Veleno is also gritty and not afraid to get involved in battles on the boards at both ends of the ice. He is good on the backcheck and works hard in his own end. His compete level is very high. He could use a bit of work on his positioning. Continuing the consistent offence of his time in Drummondville would help him climb draft boards. He is projecting as a solid two-way centre. Veleno needs to show that he has the offensive game to be a franchise player instead of a good top-six forward in the pros if he wants to be a top 10 pick.
13.) Bode Wilde, Right Defence, US NTDP U18, 6’2″ 194 lbs
Despite being born in Montreal, Wilde plays for the US NTDP and is part of a strong American contingent for the 2018 NHL Draft. After scoring 19 points in 57 games last year, Wilde has picked up his offensive game this year. He has seven goals and 23 points in 36 games with the Under-18 program. He was committed to Harvard, but has changed that and is now committed to the University of Michigan for the 2018-19 season.
Wilde pairs excellent size with smooth-skating and two-way ability. He is strong defensively, with the physicality to clear the front of the net as well as win battles in the corners. His speed and footwork allow him to keep attackers in front of him, maintain good gap control and force them to the outside. It also allows him to join the rush. Wilde has an absolute bomb of a point shot and understands how to keep it low and on the net to give teammates an opportunity for a deflection or rebound. He is a decent passer, starting breakouts and making plays at the point as well.
14.) Ryan Merkley, Right Defence, Guelph Storm, 5’11” 170 lbs
The first overall pick in the 2016 OHL Draft, Merkley had a tremendous first season while playing for a rebuilding Guelph team. He put up 55 points in 62 games to lead all OHL rookies, and take home the Rookie of the Year award. Merkley followed that up with six points in five games, helping Canada to gold at the Hlinka. This season, he continues to show high-end offence with 57 points in 48 games for the Storm.
Merkley is a dynamic offensive defenseman, with great skating in both directions. His tremendous edge work, pivots and agility allow him to cover a ton of ice. He also has an excellent point shot and loves to let it go from the point. His slap shot is powerful and accurate. Merkley is a very good passer. He can quarterback the power play and lead the rush. He shows poise at the blue line, and good stickhandling ability to get the puck out of danger and to create offensive chances. However, he must show improvements in his strength and defensive play to continue to move up the ranks. There are some big question marks concerning his work in his own end. He must get stronger, as well as improve his positioning and decision making in the defensive end.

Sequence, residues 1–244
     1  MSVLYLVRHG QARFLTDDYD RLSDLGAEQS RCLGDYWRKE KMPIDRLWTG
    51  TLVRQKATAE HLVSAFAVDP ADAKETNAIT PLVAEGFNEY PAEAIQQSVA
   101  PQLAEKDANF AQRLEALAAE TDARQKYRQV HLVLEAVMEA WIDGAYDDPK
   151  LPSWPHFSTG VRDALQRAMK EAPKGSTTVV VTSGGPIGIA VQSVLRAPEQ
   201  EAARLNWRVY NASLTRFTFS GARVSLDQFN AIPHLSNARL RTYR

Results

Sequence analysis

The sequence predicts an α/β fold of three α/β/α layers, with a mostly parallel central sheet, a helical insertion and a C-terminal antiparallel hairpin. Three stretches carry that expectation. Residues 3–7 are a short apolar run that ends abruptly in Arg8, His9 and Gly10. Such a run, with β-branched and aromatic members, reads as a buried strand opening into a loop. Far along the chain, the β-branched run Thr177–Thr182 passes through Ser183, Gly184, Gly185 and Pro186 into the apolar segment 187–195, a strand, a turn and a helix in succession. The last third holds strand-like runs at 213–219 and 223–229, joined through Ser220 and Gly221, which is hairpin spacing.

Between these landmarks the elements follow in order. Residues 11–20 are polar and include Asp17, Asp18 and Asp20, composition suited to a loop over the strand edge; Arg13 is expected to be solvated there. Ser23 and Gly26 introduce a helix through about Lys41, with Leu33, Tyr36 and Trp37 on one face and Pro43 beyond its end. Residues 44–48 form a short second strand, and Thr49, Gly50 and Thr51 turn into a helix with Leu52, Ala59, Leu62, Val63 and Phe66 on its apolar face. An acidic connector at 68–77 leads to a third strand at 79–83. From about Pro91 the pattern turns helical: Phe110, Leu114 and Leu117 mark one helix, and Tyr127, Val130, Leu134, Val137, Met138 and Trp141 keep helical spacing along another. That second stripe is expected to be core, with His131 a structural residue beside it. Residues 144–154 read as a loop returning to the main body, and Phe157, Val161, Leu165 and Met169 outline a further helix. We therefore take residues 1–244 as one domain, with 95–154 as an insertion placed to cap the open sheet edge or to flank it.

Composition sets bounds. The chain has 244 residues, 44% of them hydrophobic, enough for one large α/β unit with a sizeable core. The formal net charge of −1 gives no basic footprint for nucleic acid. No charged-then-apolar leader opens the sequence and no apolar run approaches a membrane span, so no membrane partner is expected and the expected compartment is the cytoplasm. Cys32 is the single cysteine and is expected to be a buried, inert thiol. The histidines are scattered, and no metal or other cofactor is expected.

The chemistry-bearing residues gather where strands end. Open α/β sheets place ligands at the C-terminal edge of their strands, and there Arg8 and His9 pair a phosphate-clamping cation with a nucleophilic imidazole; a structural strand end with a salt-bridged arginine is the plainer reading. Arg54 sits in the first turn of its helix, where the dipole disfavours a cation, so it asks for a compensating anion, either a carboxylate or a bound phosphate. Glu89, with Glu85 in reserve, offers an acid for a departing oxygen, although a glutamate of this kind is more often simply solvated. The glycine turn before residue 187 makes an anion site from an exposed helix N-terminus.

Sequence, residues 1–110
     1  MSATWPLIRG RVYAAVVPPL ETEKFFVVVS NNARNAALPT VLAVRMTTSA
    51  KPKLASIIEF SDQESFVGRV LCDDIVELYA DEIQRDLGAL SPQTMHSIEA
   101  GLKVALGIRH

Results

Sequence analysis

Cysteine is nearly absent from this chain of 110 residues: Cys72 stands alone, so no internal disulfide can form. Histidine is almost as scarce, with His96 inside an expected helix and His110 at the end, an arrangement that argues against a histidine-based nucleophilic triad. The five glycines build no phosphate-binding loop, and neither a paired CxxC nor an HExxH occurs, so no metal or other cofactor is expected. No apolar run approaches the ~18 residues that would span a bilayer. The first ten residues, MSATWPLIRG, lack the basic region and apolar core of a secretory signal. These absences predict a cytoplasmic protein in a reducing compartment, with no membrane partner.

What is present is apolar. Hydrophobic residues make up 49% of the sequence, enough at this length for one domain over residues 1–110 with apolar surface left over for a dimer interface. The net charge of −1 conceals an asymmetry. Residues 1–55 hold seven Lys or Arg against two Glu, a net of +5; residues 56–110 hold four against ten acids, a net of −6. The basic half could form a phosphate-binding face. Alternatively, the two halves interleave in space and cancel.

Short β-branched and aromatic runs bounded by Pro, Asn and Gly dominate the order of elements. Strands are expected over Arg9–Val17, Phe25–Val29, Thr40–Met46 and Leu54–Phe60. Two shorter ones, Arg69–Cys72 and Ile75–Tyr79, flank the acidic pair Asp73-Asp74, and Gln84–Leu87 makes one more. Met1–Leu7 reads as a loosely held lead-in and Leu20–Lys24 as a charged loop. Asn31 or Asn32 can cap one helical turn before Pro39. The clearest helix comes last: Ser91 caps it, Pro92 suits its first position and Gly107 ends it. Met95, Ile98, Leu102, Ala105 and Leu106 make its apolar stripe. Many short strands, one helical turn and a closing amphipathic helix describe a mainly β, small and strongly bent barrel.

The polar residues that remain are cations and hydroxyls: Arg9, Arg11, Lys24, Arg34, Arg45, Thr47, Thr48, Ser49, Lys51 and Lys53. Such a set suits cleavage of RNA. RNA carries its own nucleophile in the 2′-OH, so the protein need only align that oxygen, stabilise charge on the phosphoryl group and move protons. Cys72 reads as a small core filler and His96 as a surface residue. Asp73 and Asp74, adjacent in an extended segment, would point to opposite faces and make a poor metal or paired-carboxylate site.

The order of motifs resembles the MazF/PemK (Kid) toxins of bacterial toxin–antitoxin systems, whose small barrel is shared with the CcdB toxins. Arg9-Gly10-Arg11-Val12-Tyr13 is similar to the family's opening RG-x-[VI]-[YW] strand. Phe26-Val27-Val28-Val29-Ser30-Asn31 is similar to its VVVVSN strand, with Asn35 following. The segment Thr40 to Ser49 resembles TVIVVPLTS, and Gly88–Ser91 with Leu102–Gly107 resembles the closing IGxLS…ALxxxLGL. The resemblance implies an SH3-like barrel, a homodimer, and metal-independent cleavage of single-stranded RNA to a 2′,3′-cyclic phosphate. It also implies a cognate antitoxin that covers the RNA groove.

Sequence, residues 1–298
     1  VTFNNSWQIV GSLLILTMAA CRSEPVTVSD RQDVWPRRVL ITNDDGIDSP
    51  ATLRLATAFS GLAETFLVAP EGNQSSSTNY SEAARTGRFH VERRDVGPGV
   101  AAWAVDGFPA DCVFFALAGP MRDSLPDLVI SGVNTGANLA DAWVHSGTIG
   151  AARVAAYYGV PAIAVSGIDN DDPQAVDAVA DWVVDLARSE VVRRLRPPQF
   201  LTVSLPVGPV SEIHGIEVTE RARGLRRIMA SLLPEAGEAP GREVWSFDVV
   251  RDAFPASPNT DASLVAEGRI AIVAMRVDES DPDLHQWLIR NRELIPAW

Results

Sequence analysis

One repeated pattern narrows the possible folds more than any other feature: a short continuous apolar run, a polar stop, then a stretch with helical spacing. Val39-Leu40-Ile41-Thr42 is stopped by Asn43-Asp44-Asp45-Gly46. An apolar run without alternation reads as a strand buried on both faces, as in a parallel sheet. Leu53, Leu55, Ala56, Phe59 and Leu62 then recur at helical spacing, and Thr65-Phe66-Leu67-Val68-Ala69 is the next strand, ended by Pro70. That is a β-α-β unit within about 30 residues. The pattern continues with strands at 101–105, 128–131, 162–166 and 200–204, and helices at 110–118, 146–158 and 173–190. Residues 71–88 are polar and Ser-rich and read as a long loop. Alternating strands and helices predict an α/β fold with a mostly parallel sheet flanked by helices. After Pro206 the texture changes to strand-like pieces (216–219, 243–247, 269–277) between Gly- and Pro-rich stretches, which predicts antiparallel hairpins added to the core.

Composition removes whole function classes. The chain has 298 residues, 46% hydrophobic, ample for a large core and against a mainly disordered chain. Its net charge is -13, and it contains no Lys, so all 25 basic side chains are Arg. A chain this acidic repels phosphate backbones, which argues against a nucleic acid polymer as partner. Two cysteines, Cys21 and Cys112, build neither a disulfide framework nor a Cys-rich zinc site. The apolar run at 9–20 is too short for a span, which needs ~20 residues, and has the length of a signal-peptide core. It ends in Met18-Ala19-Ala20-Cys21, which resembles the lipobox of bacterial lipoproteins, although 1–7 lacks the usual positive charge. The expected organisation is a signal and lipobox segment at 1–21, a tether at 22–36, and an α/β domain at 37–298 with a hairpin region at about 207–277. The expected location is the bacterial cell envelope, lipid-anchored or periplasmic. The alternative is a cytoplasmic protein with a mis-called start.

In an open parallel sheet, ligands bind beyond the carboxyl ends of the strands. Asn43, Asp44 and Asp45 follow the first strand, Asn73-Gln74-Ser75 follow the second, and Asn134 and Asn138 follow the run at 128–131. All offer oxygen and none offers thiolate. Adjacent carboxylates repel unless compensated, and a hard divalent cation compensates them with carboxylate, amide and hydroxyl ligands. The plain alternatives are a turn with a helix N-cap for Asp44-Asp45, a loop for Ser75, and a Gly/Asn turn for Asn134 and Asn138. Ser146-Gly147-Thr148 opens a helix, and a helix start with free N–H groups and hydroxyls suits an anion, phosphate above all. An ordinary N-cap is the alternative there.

15.) Rasmus Kupari, Centre/Right Wing, Karpat, 5’11” 163 lbs
Kupari burst onto the international stage last year. He played for Finland in the Under-17 World Hockey Challenge. He was also an underager on Finland’s Under-18 World Championship team. His real coming out party though was the Hlinka tournament, where he put up seven points in just four games. This season he has split his time between the SM-Liiga (five goals, eight points in 28 games) and the Mestis (one goal, four points in five games) playing against men, and in the Finnish U20 league (three goals, seven points in 11 games). He also played in this year’s World Juniors but did not register a point in five games.
Kupari is most dangerous with the puck on his stick. He is a tremendous stick handler and can beat defencemen one-on-one. He is an outstanding skater. Kupari is exceptionally fast. He also has very good acceleration and agility, which allows him to make quick cuts or change speeds to fool defenders. Kupari also has very good passing skills and excellent vision. His wrist shot has a good release, but he needs to work on both the accuracy and power. He needs to add mass to his frame though, as he can have issues being pushed off the puck right now.